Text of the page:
Since it launched in earnest this spring, members of the Coral Project, a collaborative effort to rethink community engagement around news, have heard from all kinds of people. They’ve talked with everyone from trolls who plague comment sections to representatives from more than 125 different organizations in 25 different countries.“What we’ve been doing up until this point is listening,” said Andrew Losowsky, who is leading the Coral Project, which is the result of a partnership between The Washington Post, The New York Times, the Knight Foundation, and the Mozilla Foundation.
Now, after months of listening, the 10-person Coral Project team is starting to build its first product: a tool for listening. The goal is to develop open-source software that will allow outlets to look at the communities surrounding their news organizations — from their comments sections to people who contribute user-generated content — and ascertain which users are the most trustworthy. Loswosky, along with Sydette Harry, the Coral Project’s community lead, and Greg Barber, director of digital news projects at The Washington Post, first announced the product last week at the annual Online News Association conference in Los Angeles.
Though the tool has yet to be named (“Internally, one of the coders is calling it ‘Trust-o-matic,’ but I don’t know if that will stick yet”), the Coral Project plans to finish building a beta version of the tool by the end of the year, then begin testing it with publishers in early 2016. In the next couple of weeks, it will also announce the four to six news organizations it’s partnering with to test the tool.
“What we’re building is a listening tool, and in order to build it we need to listen ourselves,” Losowsky said. “So the stage we’re at right now is identifying who those publishers are. We’re building out the framework within which these things live, but when we get to the specific levers to pull, we don’t know those yet.”
The Coral Project is still in the early stages of coding the product, so Losowsky couldn’t say exactly how it’ll work. But he did say the tool will ideally identify a few different metrics, such as the number of good or bad commenters, the number of repeat commenters, and which people would be interested in being contacted to help with future stories.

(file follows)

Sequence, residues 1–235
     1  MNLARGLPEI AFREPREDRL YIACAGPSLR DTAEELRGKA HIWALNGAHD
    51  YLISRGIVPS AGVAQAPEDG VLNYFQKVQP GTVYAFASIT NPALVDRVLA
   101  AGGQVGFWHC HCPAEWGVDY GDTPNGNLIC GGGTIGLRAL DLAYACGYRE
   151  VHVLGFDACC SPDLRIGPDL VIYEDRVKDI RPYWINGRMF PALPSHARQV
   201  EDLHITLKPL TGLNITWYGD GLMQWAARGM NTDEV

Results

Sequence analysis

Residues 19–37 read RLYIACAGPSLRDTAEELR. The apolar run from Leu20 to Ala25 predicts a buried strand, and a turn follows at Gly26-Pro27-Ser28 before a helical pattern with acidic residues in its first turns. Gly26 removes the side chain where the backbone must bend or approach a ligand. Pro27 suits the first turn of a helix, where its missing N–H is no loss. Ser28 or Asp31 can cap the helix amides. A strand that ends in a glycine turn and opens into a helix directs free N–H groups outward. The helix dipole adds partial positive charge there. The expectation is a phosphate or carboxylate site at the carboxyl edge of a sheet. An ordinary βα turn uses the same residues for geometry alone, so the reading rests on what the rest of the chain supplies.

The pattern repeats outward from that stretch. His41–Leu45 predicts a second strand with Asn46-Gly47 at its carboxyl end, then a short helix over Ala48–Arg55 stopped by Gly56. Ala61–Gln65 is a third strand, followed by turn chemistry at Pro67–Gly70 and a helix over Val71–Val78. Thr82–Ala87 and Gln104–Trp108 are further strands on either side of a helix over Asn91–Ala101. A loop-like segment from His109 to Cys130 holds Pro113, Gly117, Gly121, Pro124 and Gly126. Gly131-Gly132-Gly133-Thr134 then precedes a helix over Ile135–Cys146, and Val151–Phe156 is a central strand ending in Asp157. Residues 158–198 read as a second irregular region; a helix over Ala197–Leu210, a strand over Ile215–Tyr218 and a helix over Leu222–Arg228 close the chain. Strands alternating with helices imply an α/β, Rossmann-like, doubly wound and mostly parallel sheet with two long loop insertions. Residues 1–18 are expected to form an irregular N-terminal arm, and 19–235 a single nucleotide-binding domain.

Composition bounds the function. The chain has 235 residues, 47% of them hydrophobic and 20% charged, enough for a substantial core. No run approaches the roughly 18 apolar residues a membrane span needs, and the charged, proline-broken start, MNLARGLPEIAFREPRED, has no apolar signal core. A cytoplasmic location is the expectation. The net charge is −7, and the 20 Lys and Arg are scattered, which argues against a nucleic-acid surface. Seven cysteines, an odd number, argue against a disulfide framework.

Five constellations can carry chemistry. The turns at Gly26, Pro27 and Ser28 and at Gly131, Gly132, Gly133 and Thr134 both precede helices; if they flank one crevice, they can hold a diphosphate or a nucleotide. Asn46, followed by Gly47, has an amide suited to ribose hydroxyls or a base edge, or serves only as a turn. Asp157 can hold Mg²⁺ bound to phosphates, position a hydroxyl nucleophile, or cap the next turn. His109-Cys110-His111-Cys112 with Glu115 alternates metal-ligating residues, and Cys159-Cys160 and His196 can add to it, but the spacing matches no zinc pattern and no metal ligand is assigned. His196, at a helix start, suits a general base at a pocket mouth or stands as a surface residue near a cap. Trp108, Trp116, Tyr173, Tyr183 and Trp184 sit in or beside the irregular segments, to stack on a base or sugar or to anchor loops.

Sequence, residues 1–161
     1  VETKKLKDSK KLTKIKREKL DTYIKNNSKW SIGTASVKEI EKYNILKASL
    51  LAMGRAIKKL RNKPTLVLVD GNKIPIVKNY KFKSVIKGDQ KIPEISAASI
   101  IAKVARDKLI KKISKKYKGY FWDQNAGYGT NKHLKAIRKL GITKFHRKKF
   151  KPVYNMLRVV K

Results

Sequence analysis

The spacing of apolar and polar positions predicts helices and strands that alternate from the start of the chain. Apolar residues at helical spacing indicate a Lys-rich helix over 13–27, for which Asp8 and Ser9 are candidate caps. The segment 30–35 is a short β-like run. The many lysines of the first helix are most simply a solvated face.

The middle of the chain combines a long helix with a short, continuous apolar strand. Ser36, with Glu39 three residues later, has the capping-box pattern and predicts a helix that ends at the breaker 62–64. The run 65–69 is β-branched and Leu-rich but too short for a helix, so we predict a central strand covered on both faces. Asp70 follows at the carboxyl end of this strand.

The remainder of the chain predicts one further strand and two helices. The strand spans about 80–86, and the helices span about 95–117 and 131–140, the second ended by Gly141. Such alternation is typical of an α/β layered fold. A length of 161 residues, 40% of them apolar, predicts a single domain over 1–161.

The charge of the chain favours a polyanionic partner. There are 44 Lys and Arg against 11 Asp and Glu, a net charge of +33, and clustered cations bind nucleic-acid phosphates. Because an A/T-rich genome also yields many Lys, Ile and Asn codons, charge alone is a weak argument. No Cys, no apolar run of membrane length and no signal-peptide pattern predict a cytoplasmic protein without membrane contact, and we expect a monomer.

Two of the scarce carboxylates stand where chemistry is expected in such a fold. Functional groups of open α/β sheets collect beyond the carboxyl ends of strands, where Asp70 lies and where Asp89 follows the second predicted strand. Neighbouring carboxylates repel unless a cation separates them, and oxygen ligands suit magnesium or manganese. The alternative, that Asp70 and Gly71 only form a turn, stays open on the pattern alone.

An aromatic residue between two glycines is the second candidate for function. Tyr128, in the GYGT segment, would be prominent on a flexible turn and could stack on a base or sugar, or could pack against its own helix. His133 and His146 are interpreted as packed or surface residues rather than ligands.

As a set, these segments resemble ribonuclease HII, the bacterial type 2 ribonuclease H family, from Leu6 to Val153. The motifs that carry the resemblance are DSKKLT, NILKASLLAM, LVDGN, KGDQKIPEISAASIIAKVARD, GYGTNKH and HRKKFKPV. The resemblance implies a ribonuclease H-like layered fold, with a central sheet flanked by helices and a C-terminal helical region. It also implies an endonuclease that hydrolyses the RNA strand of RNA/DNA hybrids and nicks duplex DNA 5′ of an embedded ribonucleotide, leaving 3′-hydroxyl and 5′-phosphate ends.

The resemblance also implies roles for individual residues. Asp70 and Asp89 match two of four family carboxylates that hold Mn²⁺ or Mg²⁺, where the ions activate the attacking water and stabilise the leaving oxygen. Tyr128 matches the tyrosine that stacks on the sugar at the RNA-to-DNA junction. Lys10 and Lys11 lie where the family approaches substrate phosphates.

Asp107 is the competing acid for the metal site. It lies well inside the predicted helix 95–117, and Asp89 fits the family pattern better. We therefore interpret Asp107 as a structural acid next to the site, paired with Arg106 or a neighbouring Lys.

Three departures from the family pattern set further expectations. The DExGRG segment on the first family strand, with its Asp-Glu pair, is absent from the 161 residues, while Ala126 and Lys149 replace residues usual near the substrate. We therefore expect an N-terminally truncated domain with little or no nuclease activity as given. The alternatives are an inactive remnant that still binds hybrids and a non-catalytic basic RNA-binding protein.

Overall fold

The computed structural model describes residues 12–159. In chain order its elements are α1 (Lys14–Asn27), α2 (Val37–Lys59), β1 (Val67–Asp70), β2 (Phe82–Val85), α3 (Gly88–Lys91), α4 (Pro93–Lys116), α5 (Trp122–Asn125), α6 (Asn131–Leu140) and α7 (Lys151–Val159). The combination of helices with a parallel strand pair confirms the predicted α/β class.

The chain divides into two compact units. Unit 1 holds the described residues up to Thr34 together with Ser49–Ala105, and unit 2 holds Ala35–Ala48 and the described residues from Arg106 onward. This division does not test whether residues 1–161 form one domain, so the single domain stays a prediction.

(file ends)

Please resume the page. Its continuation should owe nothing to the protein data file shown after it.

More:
The readers who comment on articles are often among news sites’ most dedicated users, so it’s critical that outlets understand them and make their experiences better, Harry wrote in a post on the project’s website:
If journalism wants people’s eyes, their subscriptions, their time on sites, then people should have a way to contribute to that work, voluntarily and accessibly. Making journalistic platforms better places to comment means less living on Tweetdeck, chasing people who may or may not want you to use their content. It means connected, proven users whose behavior over time shows their desire to be involved.
These are your biggest fans, who will bring you the biggest return in exchange for feeling acknowledged, feeling heard. Worthwhile communities are worth the investment.
Comments in all their forms are not merely a problem.They are also proof that what you are producing touches our world. When they work well, they are the building blocks of what makes being online worthwhile. They are connected to the first letters to the editor, to social, and to what matters most: the people you write for and about. They are evidence that your content is part of the communities in which they live.
The Coral Project won’t host any of the data, and the tool will comply with each publication’s privacy policies, Losowsky said. The data the Coral Project collects will be anonymized logs of behaviors, like how many times users have replied to comments. The project may also do semantic analysis of the comments.
Ultimately, though, Losowsky said the Coral Project’s goal is to make the tool flexible enough for each outlet to use on its own terms. “In conversation with the publishers, we’ll get a sense of what different metrics will make sense for these different ideas of trust and reputation and then give the publishers the tools to shift those metrics in ways that make sense for them and get analytics out of that,” he said.
Once it tailors the tool for the publishers its working with, the Coral Project plans to make its work open source, so other outlets can also use its work and so that it will also live on beyond the duration of the project.
And with things such as an email newsletter, open Slack chats, and a public Trello board, the project has taken steps to publicize its thinking and get feedback from other interested parties.
The project is being funded by a two-year, $3.89 million grant from Knight. (Disclosure: Knight also funds Nieman Lab.) The Coral Project probably won’t turn its attention traditional comments until its second year, he said.
For now, the project is focused on its listening tool first, and then likely it’ll work on a tool to improve user-generated content contributions “so journalists can do very specific asks of the audience and to be able to connect that with comment identities,” Losowsky said. They are also looking at a way to provide commenters themselves better information about their contributions.
“Maybe [we can] turn around to them and say that ‘Our algorithm thinks that you sound kind of angry on Wednesday mornings’ — maybe that’s useful information,” he said.